Also, note how he says that Magick formerly attracted eccentric weaklings who live in fantasy and so he has set out in MITAP to repel that type of person and, if you like, attract the "real people" to Magick?

Gnosomai Emauton wrote:[
Thus, my statement above still stands: "This does, of course, play out in the psychological sphere... but not exclusively. Personal psychology is just one of the many aspects of Self that must be mastered in the process of becoming a 'Magician'."


Are you basing your concept of Magick on the Hermetic principles of man as microcosm? If so, then yeah I understand how that stretches the definition of Magick far beyond personal psychology?

Gnosomai Emauton wrote:[ (I would argue that, as in most everything he writes, he can't help himself but show off his intellectual superiority through his particular prose, thus undermining his stated intention) .
."


Yes you are inadvertently describing the demon Crowley and his defence mechanism known as Narcissism ie. a display of superiority (intellectual, social, self-adornment etc ) as an insecure means of hiding shameful defects within.
2.19 They shall rejoice, our chosen: who sorroweth is not of us.

2.21 We have nothing with the outcast and the unfit: let them die in their misery. For they feel not. Compassion is the vice of kings: stamp down the wretched & the weak: this is the law of the strong: this is our law and the joy of the world.
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Re: One does not have to do magical practice to "get it"?

Postby Gnosomai Emauton » Sun Mar 12, 2017 3:37 pm

gerry456 wrote:I see what you're arguing here. Your average wife or banker etc would've been put off by AC'S previous output on Magick because it contained obscure occult terminology?
It's not what I'm arguing, it's what AC wrote here and what Soror Virakam wrote in the introductory note to parts 1 & 2 of Book 4:

"THIS book is intentionally "not" the work of Frater Perdurabo. Experience shows that his writing is too concentrated, too abstruse, too occult, for ordinary minds to apprehend. It is thought that this record of disjointed fragments of his casual conversation may prove alike more intelligible and more convincing, and at least provide a preliminary study which will enable the student to attack his real work from a standpoint of some little general knowledge and understanding of his ideas, and of the form in which he figures them... Before printing, the whole work was read by several persons of rather less than average intelligence, and any point not quite clear even to them has been elucidated."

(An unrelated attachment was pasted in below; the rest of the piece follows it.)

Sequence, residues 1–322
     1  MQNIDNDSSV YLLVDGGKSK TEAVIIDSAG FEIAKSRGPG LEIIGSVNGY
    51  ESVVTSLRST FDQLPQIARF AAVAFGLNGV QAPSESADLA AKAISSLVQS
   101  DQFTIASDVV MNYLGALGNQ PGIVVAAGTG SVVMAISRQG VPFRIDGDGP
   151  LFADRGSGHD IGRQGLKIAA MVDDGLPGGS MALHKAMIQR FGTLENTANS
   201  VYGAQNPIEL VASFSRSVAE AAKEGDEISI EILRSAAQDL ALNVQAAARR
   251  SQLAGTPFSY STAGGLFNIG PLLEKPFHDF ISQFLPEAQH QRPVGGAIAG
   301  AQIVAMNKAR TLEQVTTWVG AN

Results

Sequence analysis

You seem to think that when he omits the obscure occult terminology he has in effect "dumbed it down"?
That is essentially what he and Soror Virakam are claiming.

Could you elaborate on why MITAP is a dumbing down from his pervious work?
See Soror Virakam's quote above as well as the bit from the MTP Introduction that I quoted in my previous post for his reasoning. Beyond what they wrote, I wouldn't want to speculate as to any other motivations.

Also, note how he says that Magick formerly attracted eccentric weaklings who live in fantasy and so he has set out in MITAP to repel that type of person and, if you like, attract the "real people" to Magick?
I do not see anywhere that he has any intention of repelling anyone from anything. The first words of the book are: "This book is for ALL: for every man, woman, and child."

But you ended this with a question mark. Is there a question you have?

Are you basing your concept of Magick on the Hermetic principles of man as microcosm?
In this discussion, I'm using the definition, postulate, and theorems that AC advances in this book.
If so, then yeah I understand how that stretches the definition of Magick far beyond personal psychology?
Again, do you have a question?
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Re: One does not have to do magical practice to "get it"?

Postby gerry456 » Mon Mar 13, 2017 3:56 pm

Gnosomai Emauton wrote:[]Again, do you have a question?


No I'm generally done with the subject, thanks for those quotes there.
2.19 They shall rejoice, our chosen: who sorroweth is not of us.

2.21 We have nothing with the outcast and the unfit: let them die in their misery. For they feel not. Compassion is the vice of kings: stamp down the wretched & the weak: this is the law of the strong: this is our law and the joy of the world.
gerry456